“This grand little book was devoured, from cover to cover, in one sitting,” writes veteran republican Gerry O’Hare, “such was the quality of the writer’s skill in weaving us through the story of the graffiti, pictures and history within the grim, grey walls of Kilmainham.”
Gerry O’Hare reviews Niamh O’Sullivan’s ‘Written In Stone’
More a pictorial record of the graffiti in the prison cells than a history of Kilmainham Jail, those who have visited the jail will delight in retracing their footsteps with the aid of its photos – and the help of a DVD, included in the price of the book, assisting both the general reader and students.
The author explains, in her introduction, that she wanted to capture that “veiled world of the writings left behind on Kilmainham’s walls by its former inmates”.
This she does, both in her script and the excellent photographs, taken with a 35mm camera.  Most she captured herself, while others are published with the permission of the officials of the jail and Museum. A few of her pictures are allowed by permission of the families of their late owners, including those of Sighle Humphries and Risteard Mulcahy.
I warmed to the book particularly because of the personal experiences of myself and my three children, Terry, Jane-Frances and Rory. When I was released from Portlaoise Jail in 1975 my former wife Rita still languished in Limerick Jail for republican activities. Not long after my release, my late and dear friend, Eamonn MacThomais, invited us for a private visit to Kilmainham – then a hive of activity with many volunteers working to restore the Jail.
As Eamonn was showing me what work was being carried out, we heard shrieks of delight and laughter from my children. Rushing to the cell from where the sound was coming, we discovered they had spotted graffiti in the wall of the cell that simply said ‘Free Rita O’Hare’.
Rita was also facing extradition at that time.
Whilst well-meaning support for Rita was naturally welcome, I was also slightly embarrassed that someone had written on the wall of a cell at a time when hardworking volunteers were trying to clean and restore it! However, Eamonn saw the funny side of the incident – and as I read Niamh’s book it brought back warm memories.
Since that time, the history of the restoration work, and its many supporters and well-wishers, has being well-documented.
Here, in this book, Niamh brings us into the world of former prisoners who served sentences and many others who went to meet their deaths by execution at the hands of Free State forces. Niamh seems to understand the point I was trying to make about my children when she succinctly says, “I was fascinated by the original writings on the walls: those left behind by former inmates – as opposed to the large volume of later scribblings by post-1960s tourists and visitors”.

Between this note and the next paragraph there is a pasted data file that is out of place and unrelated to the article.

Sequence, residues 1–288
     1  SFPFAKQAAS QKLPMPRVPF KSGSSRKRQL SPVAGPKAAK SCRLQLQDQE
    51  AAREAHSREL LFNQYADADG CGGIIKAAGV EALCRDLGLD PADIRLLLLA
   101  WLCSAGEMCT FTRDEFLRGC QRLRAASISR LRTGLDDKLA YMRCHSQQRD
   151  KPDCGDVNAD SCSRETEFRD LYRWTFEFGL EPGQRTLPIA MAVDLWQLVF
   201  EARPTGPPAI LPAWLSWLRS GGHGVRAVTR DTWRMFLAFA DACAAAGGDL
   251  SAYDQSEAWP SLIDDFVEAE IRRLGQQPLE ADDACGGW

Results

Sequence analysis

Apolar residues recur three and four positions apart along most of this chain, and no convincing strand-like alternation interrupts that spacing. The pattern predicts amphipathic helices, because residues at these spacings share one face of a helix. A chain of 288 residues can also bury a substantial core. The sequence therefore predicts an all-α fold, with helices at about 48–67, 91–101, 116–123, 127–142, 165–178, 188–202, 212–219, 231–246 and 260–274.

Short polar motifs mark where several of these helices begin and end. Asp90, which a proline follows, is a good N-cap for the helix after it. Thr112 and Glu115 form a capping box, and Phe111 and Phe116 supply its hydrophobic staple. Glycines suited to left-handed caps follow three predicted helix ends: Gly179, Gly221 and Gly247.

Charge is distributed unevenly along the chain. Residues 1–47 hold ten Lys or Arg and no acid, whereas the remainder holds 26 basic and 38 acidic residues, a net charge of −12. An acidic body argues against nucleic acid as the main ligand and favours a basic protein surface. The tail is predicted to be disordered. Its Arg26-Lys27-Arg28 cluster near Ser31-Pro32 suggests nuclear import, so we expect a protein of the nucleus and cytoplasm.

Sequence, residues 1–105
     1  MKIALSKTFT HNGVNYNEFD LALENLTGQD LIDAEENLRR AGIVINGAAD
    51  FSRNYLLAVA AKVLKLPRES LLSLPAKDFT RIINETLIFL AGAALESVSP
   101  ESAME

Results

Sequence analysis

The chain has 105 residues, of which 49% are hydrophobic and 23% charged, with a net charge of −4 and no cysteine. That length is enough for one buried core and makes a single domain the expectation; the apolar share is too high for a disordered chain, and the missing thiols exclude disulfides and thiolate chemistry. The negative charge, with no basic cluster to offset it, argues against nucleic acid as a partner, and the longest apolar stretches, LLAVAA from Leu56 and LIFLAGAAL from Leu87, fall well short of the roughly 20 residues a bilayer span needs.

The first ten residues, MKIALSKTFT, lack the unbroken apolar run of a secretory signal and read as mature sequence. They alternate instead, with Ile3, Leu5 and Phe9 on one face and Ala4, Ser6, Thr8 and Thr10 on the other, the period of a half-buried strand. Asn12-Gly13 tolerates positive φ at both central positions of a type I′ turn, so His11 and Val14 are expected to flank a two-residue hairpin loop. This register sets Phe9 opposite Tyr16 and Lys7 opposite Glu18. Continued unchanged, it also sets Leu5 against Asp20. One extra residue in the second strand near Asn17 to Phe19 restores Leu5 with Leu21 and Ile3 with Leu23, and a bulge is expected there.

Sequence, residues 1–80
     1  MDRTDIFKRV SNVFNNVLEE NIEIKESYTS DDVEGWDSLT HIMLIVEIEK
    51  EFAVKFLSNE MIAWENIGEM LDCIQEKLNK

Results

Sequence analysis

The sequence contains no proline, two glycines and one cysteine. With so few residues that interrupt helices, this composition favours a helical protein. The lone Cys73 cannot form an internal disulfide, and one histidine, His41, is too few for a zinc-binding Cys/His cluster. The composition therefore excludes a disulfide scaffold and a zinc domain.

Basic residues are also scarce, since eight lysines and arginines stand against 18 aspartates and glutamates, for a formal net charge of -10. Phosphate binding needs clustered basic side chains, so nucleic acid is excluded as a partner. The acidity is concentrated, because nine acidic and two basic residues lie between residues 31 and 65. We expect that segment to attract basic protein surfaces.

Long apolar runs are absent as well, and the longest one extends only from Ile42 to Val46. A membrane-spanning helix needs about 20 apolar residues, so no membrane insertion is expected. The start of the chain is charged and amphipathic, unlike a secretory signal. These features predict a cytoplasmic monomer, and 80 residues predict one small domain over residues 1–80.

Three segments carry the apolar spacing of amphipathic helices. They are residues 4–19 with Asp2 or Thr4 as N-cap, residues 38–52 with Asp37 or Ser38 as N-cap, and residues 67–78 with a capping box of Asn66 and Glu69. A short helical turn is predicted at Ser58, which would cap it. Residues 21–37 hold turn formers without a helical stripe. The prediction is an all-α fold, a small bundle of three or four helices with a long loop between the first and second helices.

She tells us there are levels of graffiti in the old prison, two parallel worlds existing side by side: that of the authentic, yet brief, 1915-1924 span of prison inscriptions, and the modern (1960s to 1980s with some 1990s, and even post-2000 examples – ‘Kilroy Was Here’ material).
In some instances, the old and the new occupy the same miniscule space.
She lets us know of her frustrations when she adds: “Drawing the necessary distinction between the two has, on occasion, proved a rather difficult task”.
It was not just republicans who left their mark on the walls of Kilmainham. The author dwells briefly on other visitors – British soldiers imprisoned for their own misdemeanors. During the period of the First World War, we learn, that in the east wing, Private Patrick Reddy, a young man, served eighty-four days in Kilmainham for minor offences. He was entitled to both the Victory Medal and the British War Medal once the war had ended.  He never collected either as he died in France in 1917.  Reddy was a Dubliner and just 24-years-old.
The author says: “His ghost lingers just enough to prompt us to remember all those Dublin, Irish, boys and men who gave their lives for their country, just as surely as the executed men and boys of 1916 did, but on a different stage. Their pain in the past has been less visible but we should never allow it to be less real”.
The most frequently photographed piece of graffiti is located in the East Wing, in Grace Gifford Plunkett’s cell. It is her original painting of the Madonna and Child and it was the first graffiti to be officially restored by Thomas Ryan RHA.